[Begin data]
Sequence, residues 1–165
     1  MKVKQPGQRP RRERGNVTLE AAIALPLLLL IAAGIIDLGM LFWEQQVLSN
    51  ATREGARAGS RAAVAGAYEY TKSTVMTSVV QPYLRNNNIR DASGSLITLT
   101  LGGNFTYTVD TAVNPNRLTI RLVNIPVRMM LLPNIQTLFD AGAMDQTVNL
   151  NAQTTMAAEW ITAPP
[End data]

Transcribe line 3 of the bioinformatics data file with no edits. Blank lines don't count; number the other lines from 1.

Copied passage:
    51  ATREGARAGS RAAVAGAYEY TKSTVMTSVV QPYLRNNNIR DASGSLITLT